BOSTON When you first meet him, Timothy Cahill seems like an average guy. Except he’s taller. Probably a lot more intense.
And, oh yes, he’s running for governor.
“You’re one of us, Tim. You’re one of us,” a supporter at a nursing home says.
Patients, nurses and doctors get excited to see the 6-3, blond, blue-eyed former wrestler. Elderly women giggle when they see him.
“She’s dying to see you,” says another supporter.
A rock star with the nursing home set; a typical day in the life of the 52-year-old state treasurer.
“It’s gratifying,” Cahill says. “It’s rewarding to know that people know you and seem to like you, but it’s part of what we got to do, just keep going out there and meeting people.”
People may like Cahill when they meet him, but being a regular knock-about — second of nine kids, hardworking, working-class Quincy guy — can only get you so far when you’re running as an independent in Massachusetts.
We wanted to learn about the man behind what some call a quixotic adventure, to observe him away from the news conferences and his handlers. So on a hot Saturday morning recently I drove to Quincy to meet Tim Cahill in his element.
“We’re supposed to keep this natural, right?” he asks after I arrive. “I apologize that I don’t have a better hobby for you.”
Cahill’s hobby is gardening.
“I apologize for the condition of my yard,” he says. “It’s been pretty rough this year with all the heat and no rain. Usually it’s looking a bit better than this but fortunately it’s radio so no one has to see it.”
I’ve followed Cahill for a month or so. He’s always on-point: shirt, tie, jacket — even in the blistering heat.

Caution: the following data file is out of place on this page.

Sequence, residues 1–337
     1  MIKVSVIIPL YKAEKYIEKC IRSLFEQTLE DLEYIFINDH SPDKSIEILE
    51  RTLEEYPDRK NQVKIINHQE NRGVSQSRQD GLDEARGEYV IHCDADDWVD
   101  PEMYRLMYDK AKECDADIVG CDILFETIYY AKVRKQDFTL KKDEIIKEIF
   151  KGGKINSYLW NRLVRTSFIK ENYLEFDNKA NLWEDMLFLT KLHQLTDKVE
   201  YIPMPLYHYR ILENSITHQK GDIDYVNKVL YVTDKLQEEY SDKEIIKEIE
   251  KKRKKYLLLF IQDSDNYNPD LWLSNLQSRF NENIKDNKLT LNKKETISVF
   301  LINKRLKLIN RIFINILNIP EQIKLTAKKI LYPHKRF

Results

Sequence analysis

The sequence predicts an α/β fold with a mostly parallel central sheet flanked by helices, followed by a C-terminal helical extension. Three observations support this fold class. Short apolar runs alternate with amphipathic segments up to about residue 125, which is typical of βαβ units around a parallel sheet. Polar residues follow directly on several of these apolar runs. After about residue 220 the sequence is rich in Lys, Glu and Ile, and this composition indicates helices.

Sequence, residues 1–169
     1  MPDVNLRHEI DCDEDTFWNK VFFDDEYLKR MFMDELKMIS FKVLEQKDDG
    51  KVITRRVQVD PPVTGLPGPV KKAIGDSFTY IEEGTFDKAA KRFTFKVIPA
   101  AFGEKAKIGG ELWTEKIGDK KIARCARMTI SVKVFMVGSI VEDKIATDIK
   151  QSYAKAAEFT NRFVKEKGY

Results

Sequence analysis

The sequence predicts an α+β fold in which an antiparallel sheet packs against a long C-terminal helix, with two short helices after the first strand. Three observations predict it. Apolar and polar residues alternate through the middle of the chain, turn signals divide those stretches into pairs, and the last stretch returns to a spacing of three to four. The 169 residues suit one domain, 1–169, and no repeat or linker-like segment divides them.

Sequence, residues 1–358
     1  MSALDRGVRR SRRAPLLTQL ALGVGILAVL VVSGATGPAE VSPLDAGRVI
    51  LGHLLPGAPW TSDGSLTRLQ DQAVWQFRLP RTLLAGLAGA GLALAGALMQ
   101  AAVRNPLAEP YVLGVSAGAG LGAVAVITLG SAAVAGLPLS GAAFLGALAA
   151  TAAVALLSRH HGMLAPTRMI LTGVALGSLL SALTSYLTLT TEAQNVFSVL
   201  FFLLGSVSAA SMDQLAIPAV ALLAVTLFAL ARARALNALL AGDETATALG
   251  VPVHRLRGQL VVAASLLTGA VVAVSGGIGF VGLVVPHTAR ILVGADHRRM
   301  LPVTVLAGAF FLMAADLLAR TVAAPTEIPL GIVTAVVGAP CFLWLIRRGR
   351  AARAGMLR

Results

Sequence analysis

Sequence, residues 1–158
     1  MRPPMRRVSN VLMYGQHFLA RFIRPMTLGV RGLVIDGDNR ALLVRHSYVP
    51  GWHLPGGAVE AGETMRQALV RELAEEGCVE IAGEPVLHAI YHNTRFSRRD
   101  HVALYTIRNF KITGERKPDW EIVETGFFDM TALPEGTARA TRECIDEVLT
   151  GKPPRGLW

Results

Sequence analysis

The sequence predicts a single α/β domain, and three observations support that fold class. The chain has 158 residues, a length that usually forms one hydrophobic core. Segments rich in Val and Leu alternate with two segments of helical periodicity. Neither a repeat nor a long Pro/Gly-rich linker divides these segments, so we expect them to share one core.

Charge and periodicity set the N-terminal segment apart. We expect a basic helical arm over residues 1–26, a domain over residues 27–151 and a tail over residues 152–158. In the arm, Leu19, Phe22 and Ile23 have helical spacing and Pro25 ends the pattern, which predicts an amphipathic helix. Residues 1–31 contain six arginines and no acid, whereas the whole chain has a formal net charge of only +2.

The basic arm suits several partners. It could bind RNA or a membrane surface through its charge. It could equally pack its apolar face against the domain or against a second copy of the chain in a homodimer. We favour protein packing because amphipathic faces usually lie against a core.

This day, it’s jeans, work boots and a T-shirt from his daughter’s college. Cahill is weeding, mowing the lawn and spreading mulch with a wheelbarrow and shovel … and he begins to relax — almost.
“I think politicians sometimes either try to oversell themselves or make their lives seem more exotic or complicated than they are,” Cahill says. “My home, my life, maybe some people would say boring.”
“You’re constantly up against people who don’t think you can win, who say you have no chance.”
on being an independent
Tim and Tina Cahill have been married for 26 years and they’ve lived in the same white clapboard house — with a few additions — for 21 of those years.
Cahill’s been an entrepreneur, a tour guide, a wrestling coach. But mainly, he’s been a career politician: councilman, county treasurer, state treasurer.
And a Democrat — until last summer.
“I felt strongly back in the summer of 2009, before it seemed to become the popular thing to do, that the Democratic party was broken,” he says. “And it wasn’t providing the message for people like me and people in the middle class that I thought it used to provide. What people used to say before Jan. 19, you know, ‘you have no chance,’ and after Jan. 19, ‘geez, you might win.’ ”
A Roman Catholic, Cahill is pro-choice, with some caveats.
On guns, he supports “reasonable restrictions,” such as background checks and child-safety locks.
He’s pro same-sex marriage, pro death penalty, against raising taxes.
He’s proposed a resort-style casino plan and an overhaul of the state’s health care and welfare systems.
But as an independent, Cahill says much of his job is defining for voters just exactly who he is.
“It’s a lot of hard work,” he says. “And you’re constantly up against people, talking to people who don’t think you can win, who say you have no chance, who say, ‘why are you in this race, you’re a spoiler, you’re this, you’re that.’ You’re everything but what you are.”